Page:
Thursday, April 24, 2014

T for transistor



The moment I hear the word transistor, the first thing that comes to my mind today is the semiconductor device, a building block of most of the modern electronic devices. But this was only after I took up engineering. Up until then, transistor to me was that little black box that relayed morning news while we brushed our teeth half asleep. It was the magic box was offered music lovers a chance to enjoy music even when they were traveling. Cricket buffs would get their dose of excitement via the airwaves as commentary rattled out from a tiny pocket transistor.

Aakashwaani or voice of the sky is what the national broadcast service in India is called and this voice was as angelic as it got for not everyone had television for entertainment. I remember listening to wonderful programs on Vividh Bharati,  chaaya geet, sangeet sarita, bhule bisre geet, ek hi film se, aap ki farmaish. The regional service would also air interesting programs, every saturday around noon we would tune in to listen to "baal jagat". I remember when I studied in the 2nd standard, a group of students from our school even recorded a program that was aired as a part of the show a couple of weeks later. The trip to the recording studio was something I remember even to this day for we sat in a glass room with lot of microphones and we could not hear anything from the outside. It was quite an experience. We sang a few songs and delivered lines of a student-teacher conversation sort of play. I remember some of the songs we sang for we had practised for months before the recording. As for the the play, I don't remember a thing. Soon television started airing more programs and we kids weaned away from the radio and got glued to the idiot box. Much later, in the early days of my engineering, FM radio started gaining popularity and with private channels joining in, airwaves offered more variety to the crowd on the move. City travel is now a long drawn affair with traffic jams and the FM channels offer commuters a chance to relax and unwind on their way to/from work. Only now, the good old transistors are replaced by cell phones and i-pods.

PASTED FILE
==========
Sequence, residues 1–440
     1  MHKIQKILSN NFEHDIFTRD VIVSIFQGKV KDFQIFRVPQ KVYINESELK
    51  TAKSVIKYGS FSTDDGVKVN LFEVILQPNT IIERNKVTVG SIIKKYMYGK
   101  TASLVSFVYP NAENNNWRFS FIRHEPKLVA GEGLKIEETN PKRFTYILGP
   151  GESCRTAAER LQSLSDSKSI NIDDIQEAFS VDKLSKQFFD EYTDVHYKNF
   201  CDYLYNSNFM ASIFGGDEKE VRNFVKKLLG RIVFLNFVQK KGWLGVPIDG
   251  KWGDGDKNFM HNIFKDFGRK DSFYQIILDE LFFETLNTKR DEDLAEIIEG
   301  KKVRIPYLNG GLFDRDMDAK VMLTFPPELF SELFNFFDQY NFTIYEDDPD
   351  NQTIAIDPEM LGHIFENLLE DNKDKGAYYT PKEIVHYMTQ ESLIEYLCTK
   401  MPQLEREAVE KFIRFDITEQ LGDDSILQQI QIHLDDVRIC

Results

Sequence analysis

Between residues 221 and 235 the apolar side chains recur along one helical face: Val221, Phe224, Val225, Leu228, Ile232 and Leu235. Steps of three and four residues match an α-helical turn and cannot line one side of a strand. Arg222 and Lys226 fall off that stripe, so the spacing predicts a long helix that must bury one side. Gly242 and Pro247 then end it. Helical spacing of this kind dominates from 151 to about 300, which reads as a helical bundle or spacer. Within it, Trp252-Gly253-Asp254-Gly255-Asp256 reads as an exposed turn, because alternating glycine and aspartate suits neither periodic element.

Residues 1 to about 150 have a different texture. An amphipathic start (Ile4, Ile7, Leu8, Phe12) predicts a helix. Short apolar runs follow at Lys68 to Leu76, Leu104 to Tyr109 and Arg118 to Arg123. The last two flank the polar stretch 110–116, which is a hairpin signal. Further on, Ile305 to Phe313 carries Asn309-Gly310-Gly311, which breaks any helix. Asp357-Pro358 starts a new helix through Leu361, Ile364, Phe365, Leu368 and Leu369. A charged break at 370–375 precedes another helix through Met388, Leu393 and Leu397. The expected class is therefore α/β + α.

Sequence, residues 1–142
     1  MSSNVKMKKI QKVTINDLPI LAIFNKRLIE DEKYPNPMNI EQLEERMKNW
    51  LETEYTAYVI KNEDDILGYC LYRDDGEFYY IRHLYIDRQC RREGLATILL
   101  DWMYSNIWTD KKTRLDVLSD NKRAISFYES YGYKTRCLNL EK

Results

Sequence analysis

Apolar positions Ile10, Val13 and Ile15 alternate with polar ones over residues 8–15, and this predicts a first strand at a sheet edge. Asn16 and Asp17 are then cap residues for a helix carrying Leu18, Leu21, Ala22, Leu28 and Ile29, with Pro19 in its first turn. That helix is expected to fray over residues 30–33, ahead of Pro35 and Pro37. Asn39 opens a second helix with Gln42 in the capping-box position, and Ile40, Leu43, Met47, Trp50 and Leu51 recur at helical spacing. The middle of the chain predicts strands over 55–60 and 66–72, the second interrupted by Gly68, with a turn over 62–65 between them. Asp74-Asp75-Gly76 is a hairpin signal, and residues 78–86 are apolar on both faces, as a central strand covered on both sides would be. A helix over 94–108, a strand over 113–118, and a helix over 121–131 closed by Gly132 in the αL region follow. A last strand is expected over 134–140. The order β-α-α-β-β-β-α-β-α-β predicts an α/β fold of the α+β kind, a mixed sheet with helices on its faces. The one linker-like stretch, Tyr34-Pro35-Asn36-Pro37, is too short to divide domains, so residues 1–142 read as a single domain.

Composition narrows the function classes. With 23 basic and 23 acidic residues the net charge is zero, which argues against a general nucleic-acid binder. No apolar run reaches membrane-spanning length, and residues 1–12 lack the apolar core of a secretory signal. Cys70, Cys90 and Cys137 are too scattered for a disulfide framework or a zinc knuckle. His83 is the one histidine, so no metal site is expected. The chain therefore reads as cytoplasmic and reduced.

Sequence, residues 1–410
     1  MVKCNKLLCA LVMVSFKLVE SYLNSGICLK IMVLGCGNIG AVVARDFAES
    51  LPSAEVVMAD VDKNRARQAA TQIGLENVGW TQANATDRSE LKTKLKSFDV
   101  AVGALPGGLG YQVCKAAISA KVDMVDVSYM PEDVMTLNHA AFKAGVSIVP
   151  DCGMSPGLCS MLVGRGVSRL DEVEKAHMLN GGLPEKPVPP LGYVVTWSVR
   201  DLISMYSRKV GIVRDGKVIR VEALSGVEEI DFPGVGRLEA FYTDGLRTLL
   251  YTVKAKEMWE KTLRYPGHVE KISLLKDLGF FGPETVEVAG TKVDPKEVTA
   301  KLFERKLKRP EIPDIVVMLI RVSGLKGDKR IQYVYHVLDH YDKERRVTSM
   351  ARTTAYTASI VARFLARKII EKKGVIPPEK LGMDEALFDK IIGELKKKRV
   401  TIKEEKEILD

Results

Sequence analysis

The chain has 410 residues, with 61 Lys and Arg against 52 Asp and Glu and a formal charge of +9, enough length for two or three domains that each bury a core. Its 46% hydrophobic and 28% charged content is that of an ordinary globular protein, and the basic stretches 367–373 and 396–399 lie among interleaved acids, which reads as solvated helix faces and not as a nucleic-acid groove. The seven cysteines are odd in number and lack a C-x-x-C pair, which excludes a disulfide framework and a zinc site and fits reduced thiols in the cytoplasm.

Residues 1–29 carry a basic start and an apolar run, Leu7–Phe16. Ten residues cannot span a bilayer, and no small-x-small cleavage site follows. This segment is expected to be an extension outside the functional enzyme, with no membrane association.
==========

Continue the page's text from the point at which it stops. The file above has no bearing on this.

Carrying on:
This post is shared with April A-Z blogging challenge for alphabet T
Picture is  from Google images

6 comments:

  1. Those days there were hardly any advertisements bugging us. They used to always tell the names of movies from which the songs were played, along with the singers name etc. They never used to talk nonsense like these . It is so irritating to hear them speak, and also the advertisements which really takes away all the fun. Not only that they mostly never tell the name of the movie and also they mostly never play the full song too. I have stopped listening to it, and only play the CDs

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    1. I totally agree with you Rama, for most part, the RJs keep jabbering nonsense. You are so right, they no longer credit the singer or the lyricist or the composer. For most part I play my playlist randomly.. That way I get to savour the complete song..

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  2. Oh yes, the good old days of radio and transistors! Bhule Bisre Geet, Hawa Mahal, Jaimala, Binaca Geetmala were some of our never to be missed programs! FM radio channels are good but the number of advertisements and sometimes the nonsense chatter of RJs gets on my nerves so when traveling I am forever changing the channels!

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    1. Same pinch Shilpa, the ads really irritate me..

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  3. I had this in my home when I was small, and the effort it required to tune it made me feel so happy and proud :-p

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    1. Oh yes, it made us feel genius :)

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